# Entailment: Wikis

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In linguistics, entailment is the relationship between two sentences where the truth of one (A) requires the truth of the other (B). This relationship is generalized below.

As a tool or method to make progress, one might use the entailment concept. For example, if one recognizes that "were A true, B must be true as well", then one might usefully shift attention from some valid position (say A) to another (say B).

### Introduction - entailment in logic

The linguistic concept above can be generalized for a set of A's in logic and mathematics; call this set T. Then entailment or logical implication is a logical relation that holds between a set T of propositions and a proposition B, when every model (or interpretation or valuation) of T is also a model of B. In symbols,

1. $T \models B$
2. $T \Rightarrow B$
3. $T \therefore B$

which may be read 1) "T entails B", 2) "T implies B", or 3) "B is a (logical) consequence of T". In such an implication, T is called the antecedent, while B is called the consequent.

In other words, (1) holds when the class of models of T is a subset of the class of models of B. Without using the language of models, (1) states that the material conditional formed from the conjunction of all the elements of T and B (i.e. the corresponding conditional) is valid. That is, it is valid that

$(A_1\land\dots\land A_n)\to B,$

where the Ai are the elements of T. (If T has infinite cardinality then, provided the language of T has the compactness property, some finite subset of T implies B.) The statement in terms of the material conditional holds only in logics that have the semantic equivalent of the deduction theorem (and, as noted earlier, if T is infinite, then the compactness property is also required if the language disallows conjunctions over infinite sets of formulas). Thus, the original statement in terms of models is more general. The weaker truth function material implication, denoted by '→', should not be confused with the stronger logical implication.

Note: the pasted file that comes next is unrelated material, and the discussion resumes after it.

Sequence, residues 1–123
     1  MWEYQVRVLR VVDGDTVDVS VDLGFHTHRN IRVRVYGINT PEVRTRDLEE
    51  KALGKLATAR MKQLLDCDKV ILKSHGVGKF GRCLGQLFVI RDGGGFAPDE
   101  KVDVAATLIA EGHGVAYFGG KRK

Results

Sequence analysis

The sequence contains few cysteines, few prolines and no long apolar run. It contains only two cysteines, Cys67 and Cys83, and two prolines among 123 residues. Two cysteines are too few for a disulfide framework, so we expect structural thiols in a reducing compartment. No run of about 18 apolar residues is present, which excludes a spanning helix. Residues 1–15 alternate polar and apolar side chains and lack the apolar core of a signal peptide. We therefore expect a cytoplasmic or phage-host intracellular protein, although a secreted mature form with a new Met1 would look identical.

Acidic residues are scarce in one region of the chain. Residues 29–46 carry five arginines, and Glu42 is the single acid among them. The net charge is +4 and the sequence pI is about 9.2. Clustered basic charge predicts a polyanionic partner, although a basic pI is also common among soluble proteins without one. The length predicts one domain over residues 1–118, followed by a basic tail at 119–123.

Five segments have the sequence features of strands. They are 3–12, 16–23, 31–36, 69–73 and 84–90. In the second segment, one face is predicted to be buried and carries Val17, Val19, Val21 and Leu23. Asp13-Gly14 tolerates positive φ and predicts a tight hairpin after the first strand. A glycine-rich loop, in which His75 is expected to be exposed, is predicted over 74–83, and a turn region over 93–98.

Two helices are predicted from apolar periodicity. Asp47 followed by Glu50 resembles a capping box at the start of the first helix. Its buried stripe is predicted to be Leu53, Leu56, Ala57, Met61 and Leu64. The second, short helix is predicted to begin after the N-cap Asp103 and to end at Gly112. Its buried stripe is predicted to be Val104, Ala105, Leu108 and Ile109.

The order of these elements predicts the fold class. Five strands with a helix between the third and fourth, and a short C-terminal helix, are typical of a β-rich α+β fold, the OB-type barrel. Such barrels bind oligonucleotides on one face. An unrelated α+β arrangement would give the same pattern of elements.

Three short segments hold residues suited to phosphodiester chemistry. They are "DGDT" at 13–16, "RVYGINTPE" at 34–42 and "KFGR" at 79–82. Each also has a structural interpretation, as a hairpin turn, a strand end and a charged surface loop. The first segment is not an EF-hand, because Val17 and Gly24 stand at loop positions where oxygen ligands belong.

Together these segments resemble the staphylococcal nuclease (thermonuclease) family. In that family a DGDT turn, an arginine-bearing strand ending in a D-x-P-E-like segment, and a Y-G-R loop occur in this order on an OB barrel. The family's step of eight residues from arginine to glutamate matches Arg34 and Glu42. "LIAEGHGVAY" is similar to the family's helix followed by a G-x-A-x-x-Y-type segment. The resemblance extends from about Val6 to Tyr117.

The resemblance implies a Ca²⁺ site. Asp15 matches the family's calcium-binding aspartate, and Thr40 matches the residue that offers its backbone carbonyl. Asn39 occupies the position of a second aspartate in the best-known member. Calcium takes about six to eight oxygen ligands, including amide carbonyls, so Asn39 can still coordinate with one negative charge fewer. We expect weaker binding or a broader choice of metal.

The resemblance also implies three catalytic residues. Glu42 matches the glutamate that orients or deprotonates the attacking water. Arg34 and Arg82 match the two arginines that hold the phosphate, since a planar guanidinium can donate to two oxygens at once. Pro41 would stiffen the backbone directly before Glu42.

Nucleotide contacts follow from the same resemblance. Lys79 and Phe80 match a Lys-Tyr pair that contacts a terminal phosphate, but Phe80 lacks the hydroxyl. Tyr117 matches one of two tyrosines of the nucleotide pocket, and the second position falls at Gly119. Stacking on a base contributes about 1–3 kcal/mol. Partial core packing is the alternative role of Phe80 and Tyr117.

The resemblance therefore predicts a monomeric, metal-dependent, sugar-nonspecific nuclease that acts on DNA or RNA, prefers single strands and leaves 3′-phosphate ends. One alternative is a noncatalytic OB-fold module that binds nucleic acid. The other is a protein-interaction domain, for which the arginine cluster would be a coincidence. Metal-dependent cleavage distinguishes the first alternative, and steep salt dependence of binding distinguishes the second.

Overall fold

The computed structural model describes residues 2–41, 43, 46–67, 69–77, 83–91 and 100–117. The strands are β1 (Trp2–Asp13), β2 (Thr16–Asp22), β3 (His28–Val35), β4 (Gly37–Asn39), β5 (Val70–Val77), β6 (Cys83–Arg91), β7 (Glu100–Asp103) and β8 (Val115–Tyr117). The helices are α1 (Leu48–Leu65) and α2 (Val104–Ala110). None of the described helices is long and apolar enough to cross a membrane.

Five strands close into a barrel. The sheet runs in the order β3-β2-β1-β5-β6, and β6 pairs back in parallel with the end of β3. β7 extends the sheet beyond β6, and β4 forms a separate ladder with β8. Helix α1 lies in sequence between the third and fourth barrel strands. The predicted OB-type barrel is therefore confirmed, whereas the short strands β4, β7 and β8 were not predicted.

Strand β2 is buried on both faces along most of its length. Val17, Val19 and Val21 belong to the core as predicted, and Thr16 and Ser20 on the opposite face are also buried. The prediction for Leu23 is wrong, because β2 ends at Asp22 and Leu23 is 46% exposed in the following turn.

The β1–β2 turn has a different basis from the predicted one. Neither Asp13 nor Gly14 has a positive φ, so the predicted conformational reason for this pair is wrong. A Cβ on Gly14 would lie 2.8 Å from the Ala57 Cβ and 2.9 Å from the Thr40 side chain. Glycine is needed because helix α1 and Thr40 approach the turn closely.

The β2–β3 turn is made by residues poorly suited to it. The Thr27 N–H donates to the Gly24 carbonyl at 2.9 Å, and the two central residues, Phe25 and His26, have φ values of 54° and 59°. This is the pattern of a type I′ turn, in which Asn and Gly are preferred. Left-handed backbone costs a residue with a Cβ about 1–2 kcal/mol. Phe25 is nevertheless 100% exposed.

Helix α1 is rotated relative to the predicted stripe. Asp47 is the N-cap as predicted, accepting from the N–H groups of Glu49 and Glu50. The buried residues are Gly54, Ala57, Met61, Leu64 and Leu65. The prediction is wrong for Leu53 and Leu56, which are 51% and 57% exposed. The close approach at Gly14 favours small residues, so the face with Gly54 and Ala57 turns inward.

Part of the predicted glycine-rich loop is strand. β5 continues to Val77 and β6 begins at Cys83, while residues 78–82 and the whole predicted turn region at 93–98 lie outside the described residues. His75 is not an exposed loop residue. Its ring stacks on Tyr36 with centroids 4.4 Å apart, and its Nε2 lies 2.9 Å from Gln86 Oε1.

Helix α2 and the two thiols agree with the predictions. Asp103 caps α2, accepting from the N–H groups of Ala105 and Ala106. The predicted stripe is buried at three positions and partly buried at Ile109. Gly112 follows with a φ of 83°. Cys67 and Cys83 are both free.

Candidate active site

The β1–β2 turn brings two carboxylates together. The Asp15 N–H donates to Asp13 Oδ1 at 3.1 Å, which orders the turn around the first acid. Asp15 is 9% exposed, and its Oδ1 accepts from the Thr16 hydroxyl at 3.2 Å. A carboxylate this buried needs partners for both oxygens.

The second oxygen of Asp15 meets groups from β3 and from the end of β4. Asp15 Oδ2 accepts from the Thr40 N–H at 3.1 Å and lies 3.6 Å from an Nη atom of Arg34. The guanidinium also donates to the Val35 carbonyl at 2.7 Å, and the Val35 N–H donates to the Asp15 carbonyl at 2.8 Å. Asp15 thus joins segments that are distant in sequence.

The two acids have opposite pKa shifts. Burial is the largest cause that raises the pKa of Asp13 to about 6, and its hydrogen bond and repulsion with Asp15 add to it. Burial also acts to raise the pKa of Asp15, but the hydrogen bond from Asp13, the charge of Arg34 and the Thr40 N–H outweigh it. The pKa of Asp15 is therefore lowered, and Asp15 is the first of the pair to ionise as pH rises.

Example 1. Let the set A of sentences include 'All horses are animals' and 'All stallions are horses', and the set B of sentences include 'All stallions are animals'. Then $A\models B$, i.e. A entails B, holds.

Example 2. Put $A = \{\forall x \exists y : x = y\}$ and $B = \{\exists x : x = x\}$. Then A does not entail B, since the empty model is a model of A, but it is not a model of B — i.e. it is not the case that all models of A are models of B, because the type signatures differ.

If $\Phi \models X$ for $X=\{\phi_1,\dots,\phi_n\}$ a non-empty finite set of formulae with n > 1, we say that the disjunction $\phi_1\lor\dots\lor\phi_n$ is valid. In particular, if X = {φ} is a singleton, then φ is said to be valid. If X is an infinite set of first-order formulae, then there is some finite subset X' of X such that the disjunction of the members of X' is valid. This is a consequence of the compactness property of first-order languages.